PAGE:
Knowledge of Corporate Personnel
Understand Company Policy
Understand the Company's Network
Local Licenses
Schemes and Other Matters
Personal Considerations
Money Laundering
Relationship between Fraud and Money Laundering
Placement
Layering
Integration
Varying Impact of Money Laundering on Companies
The Five-Point Program for AML-Regulated Businesses
Written Compliance Program
Minimum Standards of Customer Due Diligence
Activity Monitoring and Reporting
Training
Record Keeping
Impact of Money Laundering on Financial Statements
AML and Forensic Accounting Investigation
At the Request of the Regulator
At the Request of the Institution
Review of Transactions and Records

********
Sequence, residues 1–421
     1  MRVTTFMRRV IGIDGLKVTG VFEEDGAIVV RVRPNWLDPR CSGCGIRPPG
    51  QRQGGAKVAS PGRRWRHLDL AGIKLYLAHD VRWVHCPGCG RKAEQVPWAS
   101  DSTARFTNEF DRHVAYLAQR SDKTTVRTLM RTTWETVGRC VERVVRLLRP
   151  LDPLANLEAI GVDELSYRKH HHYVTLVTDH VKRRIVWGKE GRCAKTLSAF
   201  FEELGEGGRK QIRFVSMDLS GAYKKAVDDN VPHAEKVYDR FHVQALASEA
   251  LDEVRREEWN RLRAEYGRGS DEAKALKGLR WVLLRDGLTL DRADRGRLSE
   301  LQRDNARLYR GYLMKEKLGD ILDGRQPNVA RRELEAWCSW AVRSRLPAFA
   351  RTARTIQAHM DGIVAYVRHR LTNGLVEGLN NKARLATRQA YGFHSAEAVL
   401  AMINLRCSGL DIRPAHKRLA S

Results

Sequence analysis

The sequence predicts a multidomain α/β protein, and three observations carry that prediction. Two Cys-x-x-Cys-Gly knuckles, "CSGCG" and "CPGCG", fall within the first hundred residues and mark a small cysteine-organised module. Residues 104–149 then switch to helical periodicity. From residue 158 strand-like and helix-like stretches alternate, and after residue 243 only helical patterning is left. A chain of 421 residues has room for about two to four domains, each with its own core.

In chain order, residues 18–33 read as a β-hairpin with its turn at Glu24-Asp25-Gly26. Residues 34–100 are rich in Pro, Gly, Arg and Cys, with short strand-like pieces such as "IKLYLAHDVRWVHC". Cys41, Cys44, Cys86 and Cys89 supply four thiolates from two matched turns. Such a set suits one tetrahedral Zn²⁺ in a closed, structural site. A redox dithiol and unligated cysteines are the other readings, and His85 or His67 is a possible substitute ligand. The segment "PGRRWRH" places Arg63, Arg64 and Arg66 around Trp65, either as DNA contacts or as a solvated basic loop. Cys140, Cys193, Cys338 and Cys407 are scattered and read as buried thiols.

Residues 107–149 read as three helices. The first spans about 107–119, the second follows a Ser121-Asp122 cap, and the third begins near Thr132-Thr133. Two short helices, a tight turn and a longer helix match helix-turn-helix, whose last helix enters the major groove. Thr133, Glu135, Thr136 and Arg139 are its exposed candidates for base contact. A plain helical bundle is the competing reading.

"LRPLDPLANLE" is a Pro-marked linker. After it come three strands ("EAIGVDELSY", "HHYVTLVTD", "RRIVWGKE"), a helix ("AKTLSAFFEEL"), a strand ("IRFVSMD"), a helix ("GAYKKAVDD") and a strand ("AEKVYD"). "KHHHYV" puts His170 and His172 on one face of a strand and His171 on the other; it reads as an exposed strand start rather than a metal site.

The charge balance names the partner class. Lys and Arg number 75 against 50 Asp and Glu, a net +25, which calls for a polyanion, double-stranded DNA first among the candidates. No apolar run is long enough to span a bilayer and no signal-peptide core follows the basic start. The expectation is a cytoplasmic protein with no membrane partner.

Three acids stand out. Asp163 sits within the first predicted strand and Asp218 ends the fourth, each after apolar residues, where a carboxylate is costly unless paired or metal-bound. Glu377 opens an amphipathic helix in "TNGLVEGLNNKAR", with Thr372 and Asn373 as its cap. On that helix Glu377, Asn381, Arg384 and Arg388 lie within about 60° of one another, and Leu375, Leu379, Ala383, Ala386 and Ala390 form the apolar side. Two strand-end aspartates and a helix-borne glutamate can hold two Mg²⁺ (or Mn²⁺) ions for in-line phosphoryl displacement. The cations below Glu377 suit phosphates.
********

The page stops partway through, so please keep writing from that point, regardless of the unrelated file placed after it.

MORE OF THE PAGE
Decision Making
The AML Reporting Process
Corporate Culture and AML Corporate Governance
Legal Arrangements Lending Themselves to Anonymity
Potential Red Flags
Auditing and Money Laundering
Relationship between Fraud Investigation and AML
Other Dimensions of Forensic Accounting
Construction
Environmental Issues
Intellectual Property
Government Contracting
Insurance and Business Interruption
Marital Dissolution
Shareholder Litigation
Business Valuation
Business Combinations
Cybercrime
Looking Forward: The Future of Forensic Accounting Investigation
Evolving Discipline
New Tools
Education and Training: To Better Support the New Discipline
Regulation and Enforcement
Changing Corporate Environment
Internal Audit
Corporate Judgment Calls
Forensic Accounting Investigators Serving Individual Corporate Clients
Nonfinancial Operating Data
Responsibility for Disclosure and Validation of NFOD
Other Legal and Stock Exchange Requirements
Future of Forensic Accounting Investigation: Increasingly Global
Index